Third, Mobilization was pivotal to the creation of a publication ecology for social movement scholarship that both reflected our dramatically expanding field and fueled it. Today, there are at least four journals and/or annuals that have a central focus on social movements, with Mobilizationat the peak since its inception. The founding of Mobilization, and its growth from a two issue a year journal (from 1996 to 2001), to a three issue a year journal (from 2002 to 2005), to a four issue a year journal (since 2006), showed that there was an exceptionally deep well of truly excellent scholarship on social movements, protest, and collective action being done—enough that top generalists journals and increasing numbers of issues a year from Mobilization were not enough to run our field dry. Of course, journals require not just excellent research to publish, but large enough audiences to survive financially and large enough reviewing pools and individuals committed to the common enterprise of study to serve as Editors, Editorial Board members, and reviewers. Mobilization revealed that our field was large enough to support it, and over time, large enough to support a broader ecology of journals with Mobilization as the premier social movement outlet. Since Mobilization was founded, at least two other journals that have strong social movement focuses have been founded. I argue these foundings are in part a result of Mobilization making it clear that our field was prodigious enough to support even more journals. In my view, this ecology is essential to the health and vitality of our field: we need a variety of publication outlets to continue to develop our field and we need a high impact journal like Mobilization among them. In other words, it is not just that Mobilization is a peak journal that makes it so important and so impactful, it is that it has helped build a larger and larger and ever thriving ecology that can support more research and careers than any single journal’s pages could on its own.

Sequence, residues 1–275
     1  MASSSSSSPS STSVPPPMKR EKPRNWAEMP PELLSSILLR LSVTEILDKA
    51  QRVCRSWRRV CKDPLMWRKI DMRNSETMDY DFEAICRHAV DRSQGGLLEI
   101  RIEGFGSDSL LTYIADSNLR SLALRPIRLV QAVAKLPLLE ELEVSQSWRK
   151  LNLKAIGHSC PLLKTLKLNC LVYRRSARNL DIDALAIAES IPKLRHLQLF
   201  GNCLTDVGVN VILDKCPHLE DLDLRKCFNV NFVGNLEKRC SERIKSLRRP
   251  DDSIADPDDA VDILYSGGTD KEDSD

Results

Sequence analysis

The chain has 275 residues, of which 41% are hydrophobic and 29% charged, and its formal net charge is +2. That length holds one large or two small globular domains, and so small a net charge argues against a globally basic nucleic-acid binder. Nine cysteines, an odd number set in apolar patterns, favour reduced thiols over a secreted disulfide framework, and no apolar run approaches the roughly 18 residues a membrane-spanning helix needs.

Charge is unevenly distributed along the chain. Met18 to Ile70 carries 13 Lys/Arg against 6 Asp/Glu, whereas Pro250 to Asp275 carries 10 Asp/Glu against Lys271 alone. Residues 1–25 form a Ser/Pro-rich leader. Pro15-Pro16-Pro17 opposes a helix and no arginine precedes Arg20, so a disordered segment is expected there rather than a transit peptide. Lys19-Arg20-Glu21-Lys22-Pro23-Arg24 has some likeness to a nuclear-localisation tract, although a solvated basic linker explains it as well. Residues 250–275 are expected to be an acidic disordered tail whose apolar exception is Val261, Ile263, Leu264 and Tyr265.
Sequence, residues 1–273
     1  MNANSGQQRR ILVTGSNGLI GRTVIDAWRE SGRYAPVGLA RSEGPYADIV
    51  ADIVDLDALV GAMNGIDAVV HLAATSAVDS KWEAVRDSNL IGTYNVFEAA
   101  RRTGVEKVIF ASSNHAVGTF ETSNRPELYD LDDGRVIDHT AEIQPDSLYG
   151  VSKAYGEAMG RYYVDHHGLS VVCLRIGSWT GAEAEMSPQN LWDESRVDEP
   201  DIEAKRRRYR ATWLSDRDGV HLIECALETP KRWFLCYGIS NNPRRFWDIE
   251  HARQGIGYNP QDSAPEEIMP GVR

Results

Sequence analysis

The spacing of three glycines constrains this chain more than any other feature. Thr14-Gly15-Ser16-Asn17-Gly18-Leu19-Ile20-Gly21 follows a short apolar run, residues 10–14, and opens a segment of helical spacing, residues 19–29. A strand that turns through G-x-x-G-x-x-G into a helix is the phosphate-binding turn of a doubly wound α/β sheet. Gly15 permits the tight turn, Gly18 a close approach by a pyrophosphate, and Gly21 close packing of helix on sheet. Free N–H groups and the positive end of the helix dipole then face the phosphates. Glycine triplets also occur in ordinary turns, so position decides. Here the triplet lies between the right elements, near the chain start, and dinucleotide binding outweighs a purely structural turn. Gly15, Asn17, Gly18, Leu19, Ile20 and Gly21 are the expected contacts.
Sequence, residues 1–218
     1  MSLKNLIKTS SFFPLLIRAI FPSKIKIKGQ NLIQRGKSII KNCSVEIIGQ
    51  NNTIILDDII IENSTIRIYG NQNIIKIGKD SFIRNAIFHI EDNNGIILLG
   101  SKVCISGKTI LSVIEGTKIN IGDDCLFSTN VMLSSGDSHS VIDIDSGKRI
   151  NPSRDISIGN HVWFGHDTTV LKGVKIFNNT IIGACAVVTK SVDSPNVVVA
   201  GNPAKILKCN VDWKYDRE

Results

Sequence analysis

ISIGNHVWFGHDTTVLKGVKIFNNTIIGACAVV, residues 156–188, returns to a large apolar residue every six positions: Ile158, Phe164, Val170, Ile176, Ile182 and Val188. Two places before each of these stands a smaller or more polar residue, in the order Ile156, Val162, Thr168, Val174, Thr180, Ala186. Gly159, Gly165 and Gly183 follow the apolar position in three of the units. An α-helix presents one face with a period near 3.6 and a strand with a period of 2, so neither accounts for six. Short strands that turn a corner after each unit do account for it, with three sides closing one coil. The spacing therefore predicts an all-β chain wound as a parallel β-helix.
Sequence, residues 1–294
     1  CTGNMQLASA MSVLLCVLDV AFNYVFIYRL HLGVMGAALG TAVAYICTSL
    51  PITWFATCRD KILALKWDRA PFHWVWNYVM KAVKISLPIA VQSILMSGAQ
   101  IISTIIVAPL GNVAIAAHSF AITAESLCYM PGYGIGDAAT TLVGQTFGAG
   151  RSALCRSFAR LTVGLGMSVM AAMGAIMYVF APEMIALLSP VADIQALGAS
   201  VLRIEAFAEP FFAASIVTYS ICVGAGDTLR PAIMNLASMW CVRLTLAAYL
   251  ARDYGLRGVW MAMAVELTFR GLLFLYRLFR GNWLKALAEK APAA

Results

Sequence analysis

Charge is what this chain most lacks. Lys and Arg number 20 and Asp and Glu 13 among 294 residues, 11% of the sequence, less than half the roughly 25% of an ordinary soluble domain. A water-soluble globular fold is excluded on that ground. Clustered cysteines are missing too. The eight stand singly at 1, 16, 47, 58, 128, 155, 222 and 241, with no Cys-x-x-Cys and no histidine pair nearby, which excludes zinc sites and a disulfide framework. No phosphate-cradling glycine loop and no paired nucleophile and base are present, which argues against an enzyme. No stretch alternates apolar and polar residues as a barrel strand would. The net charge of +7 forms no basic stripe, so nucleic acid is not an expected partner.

Last, but of course not least, Mobilization fueled our collective and individual imaginations and has shaped our research trajectories. The ideas it contained shaped, and continue to shape, our field. In preparing to write this post, I was asked to think about an article that I found particularly impactful but the journal was just too rich—whether I flipped through its tables of contents or looked at the citations of articles published in Mobilization through Web of Science, the range of important ideas is simply too large for me to try to capture.
In closing, I have grown up alongside Mobilization and owe it, and all who have contributed to it, a deep debt of gratitude. I know that my own career is similar to many others: my own imagination has been sparked by what I have read in Mobilization’s pages, my networks deepened by the events it has sponsored, and my research contributions enabled by publication in its pages and the readership and impact that brings. But, I know that social movement studies more broadly exists in a dramatically more vibrant form today than it would have without Mobilization. To Hank, Dan, Rory, and Neal (the founding through current Editor): thank you for what you have built—it far more than the sum of pages, or citations, or ideas; it is a field that you have been integral to developing and shaping. I also give a special thanks to Hank for taking the initial risks that made this all possible and for shepherding the journal all these years.